The long-feared Russian invasion of Ukraine rocked markets, put energy prices up, and prompted threats of stronger sanctions against Russia — warnings that even those not in direct danger will experience from what threatens to become Europe’s worst war since World War II.
The ongoing war in Ukraine is putting supply networks at risk. There are many supply chains that depend on raw materials and energy that Ukraine and Russia provide, even if they only account for a small percentage of the imports of big manufacturing nations like Germany and the United States.
A war that puts the lives and livelihoods of many Ukrainians at risk has economic effects, but here are four construction-related areas most likely to be affected.
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Russia and Ukraine are the world’s leading producers of metals, including nickel, copper, and iron. They also heavily export and manufacture other essential raw elements, such as neon, palladium, and platinum.
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Fears of Russian sanctions have driven up the price of certain metals. Palladium is used in a variety of applications, including automotive exhaust systems, mobile phones, and dental fillings. Nickel and copper, which are used in manufacturing and construction, have also been rising in price.
Expect disruptions and shortages for these resources, leading to price increases for several products and services.
2. Gas and Oil
Russia is a major producer of crude oil and natural gas, accounting for nearly 40% of the gas consumed by the European Union. Sanctions imposed by the West may limit access to that supply, particularly after Germany halted construction of the Nord Stream 2 pipeline, which was supposed to transport natural gas from Russia to the EU across the Baltic Sea.
Global energy costs have risen because of Russia’s invasion of Ukraine, with crude oil climbing above $105 a barrel for the first time since 2014. The price fell for a short while, but was back up to $105.07 a barrel in early trade on Monday.
According to AAA, the national average cost of a gallon of gas had reached $3.61 up from $3.35 a month before and $2.71 a year before. Many analysts think that by March, the average will have easily surpassed $4 per gallon.
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Oxford Economics’ global infrastructure and construction lead, Graham Robinson, told Construction News that the war could add to cost inflation for contractors.
Because of the ongoing conflict in Ukraine, Robinson predicted the disruption of supply chains. However, he noted that a predicted rise in oil and gas prices will have the greatest impact on UK building.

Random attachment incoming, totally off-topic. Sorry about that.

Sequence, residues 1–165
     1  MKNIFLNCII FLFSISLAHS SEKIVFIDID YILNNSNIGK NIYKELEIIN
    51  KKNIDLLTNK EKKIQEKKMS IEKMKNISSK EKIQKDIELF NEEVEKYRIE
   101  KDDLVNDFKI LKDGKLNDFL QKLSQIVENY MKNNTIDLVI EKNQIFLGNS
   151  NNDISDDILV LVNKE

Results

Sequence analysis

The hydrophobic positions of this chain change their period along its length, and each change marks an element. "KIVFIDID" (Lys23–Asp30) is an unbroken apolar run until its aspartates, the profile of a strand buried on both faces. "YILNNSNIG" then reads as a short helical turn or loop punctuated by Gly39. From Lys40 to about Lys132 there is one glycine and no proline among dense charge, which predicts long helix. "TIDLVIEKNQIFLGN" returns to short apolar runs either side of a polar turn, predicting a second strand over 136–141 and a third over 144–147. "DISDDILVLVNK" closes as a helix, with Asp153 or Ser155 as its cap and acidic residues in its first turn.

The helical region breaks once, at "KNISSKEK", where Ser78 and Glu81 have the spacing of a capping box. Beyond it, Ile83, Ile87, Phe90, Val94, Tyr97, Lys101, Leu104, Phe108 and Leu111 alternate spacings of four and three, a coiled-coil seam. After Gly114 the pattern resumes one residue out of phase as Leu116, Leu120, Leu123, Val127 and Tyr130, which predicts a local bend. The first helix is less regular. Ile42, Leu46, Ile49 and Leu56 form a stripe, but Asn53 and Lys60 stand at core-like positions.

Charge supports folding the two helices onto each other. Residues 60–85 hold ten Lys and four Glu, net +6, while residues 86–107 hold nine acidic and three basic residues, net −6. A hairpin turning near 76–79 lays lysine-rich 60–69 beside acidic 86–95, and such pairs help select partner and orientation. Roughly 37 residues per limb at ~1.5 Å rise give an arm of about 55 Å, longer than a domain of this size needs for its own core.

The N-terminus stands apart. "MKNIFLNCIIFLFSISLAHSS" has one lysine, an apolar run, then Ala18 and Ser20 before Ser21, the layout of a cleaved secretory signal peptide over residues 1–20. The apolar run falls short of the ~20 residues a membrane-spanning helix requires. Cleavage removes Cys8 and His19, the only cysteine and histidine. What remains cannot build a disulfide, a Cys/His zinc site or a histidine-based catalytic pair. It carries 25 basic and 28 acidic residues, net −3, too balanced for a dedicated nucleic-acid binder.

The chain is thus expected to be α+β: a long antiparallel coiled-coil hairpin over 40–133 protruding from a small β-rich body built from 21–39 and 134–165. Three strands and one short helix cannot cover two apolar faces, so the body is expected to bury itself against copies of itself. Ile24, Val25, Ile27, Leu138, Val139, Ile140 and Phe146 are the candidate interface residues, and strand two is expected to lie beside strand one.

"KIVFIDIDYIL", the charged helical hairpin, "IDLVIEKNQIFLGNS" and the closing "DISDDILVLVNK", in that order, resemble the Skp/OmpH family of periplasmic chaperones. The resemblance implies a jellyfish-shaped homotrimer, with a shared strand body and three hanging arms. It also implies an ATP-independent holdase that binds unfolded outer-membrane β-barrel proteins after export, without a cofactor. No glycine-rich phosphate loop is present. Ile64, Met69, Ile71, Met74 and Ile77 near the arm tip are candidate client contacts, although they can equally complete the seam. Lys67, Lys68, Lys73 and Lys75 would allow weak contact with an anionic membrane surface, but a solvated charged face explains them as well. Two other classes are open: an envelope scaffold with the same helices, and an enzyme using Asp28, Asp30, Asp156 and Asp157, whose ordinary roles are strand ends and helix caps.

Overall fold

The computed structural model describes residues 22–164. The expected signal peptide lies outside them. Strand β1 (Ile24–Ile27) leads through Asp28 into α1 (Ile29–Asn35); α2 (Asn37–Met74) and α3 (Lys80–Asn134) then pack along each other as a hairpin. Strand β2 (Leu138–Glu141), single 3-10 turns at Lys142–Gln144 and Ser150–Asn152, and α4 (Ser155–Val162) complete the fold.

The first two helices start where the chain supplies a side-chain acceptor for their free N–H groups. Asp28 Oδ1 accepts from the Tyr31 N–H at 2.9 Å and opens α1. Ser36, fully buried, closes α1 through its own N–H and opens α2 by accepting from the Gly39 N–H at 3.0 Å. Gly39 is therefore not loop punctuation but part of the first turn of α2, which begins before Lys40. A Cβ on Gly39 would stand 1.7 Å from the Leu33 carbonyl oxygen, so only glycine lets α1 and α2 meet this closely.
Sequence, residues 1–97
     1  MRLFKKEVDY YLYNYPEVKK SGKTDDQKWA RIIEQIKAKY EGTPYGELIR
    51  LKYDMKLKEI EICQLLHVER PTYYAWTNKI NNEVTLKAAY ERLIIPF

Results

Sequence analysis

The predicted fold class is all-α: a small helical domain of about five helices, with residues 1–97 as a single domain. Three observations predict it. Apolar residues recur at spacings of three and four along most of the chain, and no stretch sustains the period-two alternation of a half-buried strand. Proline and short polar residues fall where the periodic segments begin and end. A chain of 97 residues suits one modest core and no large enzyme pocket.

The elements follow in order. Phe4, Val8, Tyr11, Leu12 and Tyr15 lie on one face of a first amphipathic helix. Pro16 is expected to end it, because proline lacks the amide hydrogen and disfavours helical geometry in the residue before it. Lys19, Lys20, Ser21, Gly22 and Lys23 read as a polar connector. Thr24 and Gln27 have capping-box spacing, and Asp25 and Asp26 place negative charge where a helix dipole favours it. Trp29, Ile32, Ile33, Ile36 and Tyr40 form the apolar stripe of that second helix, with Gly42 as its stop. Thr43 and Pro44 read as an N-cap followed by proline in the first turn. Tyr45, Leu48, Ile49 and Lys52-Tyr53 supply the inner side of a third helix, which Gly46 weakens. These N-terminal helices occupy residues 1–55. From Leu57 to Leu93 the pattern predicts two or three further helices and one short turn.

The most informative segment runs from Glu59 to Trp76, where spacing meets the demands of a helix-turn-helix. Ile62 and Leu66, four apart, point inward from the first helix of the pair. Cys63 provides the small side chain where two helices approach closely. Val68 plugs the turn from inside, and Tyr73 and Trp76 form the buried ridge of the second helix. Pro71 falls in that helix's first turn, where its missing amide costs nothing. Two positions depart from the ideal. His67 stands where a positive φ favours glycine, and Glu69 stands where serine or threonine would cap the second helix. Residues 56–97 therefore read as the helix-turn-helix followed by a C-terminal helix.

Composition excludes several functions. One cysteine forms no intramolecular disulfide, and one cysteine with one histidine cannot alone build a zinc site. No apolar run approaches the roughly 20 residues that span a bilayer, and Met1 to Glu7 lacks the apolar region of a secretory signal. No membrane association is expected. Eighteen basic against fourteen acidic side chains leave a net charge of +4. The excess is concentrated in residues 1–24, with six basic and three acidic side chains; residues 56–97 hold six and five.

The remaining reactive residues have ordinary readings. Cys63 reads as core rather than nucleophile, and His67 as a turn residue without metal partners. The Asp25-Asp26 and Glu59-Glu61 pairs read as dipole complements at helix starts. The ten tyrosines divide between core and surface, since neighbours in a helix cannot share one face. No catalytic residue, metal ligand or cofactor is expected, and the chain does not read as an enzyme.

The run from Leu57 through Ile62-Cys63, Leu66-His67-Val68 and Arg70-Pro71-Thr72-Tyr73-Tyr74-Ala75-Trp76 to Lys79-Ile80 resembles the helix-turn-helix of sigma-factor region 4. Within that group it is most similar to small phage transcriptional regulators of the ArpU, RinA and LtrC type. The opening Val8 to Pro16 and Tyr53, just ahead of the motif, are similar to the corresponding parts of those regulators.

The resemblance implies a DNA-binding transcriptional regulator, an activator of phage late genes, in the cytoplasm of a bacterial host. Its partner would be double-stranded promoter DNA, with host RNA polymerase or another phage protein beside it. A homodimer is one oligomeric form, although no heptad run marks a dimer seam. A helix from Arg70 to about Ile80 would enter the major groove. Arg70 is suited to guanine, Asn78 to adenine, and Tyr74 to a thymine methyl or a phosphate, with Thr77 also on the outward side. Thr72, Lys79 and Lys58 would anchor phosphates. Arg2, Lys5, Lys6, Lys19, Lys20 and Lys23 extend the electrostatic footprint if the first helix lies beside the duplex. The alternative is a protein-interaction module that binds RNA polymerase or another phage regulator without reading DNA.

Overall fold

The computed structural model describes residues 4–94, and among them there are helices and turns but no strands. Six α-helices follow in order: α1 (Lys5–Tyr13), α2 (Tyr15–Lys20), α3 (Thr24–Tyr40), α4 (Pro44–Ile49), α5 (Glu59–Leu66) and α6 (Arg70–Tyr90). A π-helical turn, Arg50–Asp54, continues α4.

While the United Kingdom does not import a large amount of either item directly from Russia, its near neighbors do — at least for the time being.
Many construction materials include petro-carbons or are extremely energy intensive to manufacture, he explained, implying that they would soon cost much more to produce and sell.
Rising fuel costs because of Russia-Ukraine hostilities would impact Indian cement producers, who are already dealing with rising raw material and energy costs.
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Energy and logistics costs account for roughly 60% of cement makers’ total costs. The cost of raw materials adds up to roughly 13-15 percent.
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While it is tempting to believe that the confrontation between Russia and Ukraine will have just a tiny and short-lived economic impact, this is not the case. After all, Russia is only 3% of the world’s gross domestic product, and Ukraine much less.
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Pitcher, G. (2022, March 1). Russia-Ukraine: analysts fear material inflation and slowing market. Construction News. Retrieved March 1, 2022, from https://www.constructionnews.co.uk/financial/russia-ukraine-analysts-fear-material-inflation-and-slowing-market-01-03-2022/
PTI. (2022, February 25). Five essential commodities that will be hit by war in Ukraine. Auto.Com From the Economic Times. Retrieved March 1, 2022, from https://auto.economictimes.indiatimes.com/news/industry/five-essential-commodities-that-will-be-hit-by-war-in-ukraine/89818299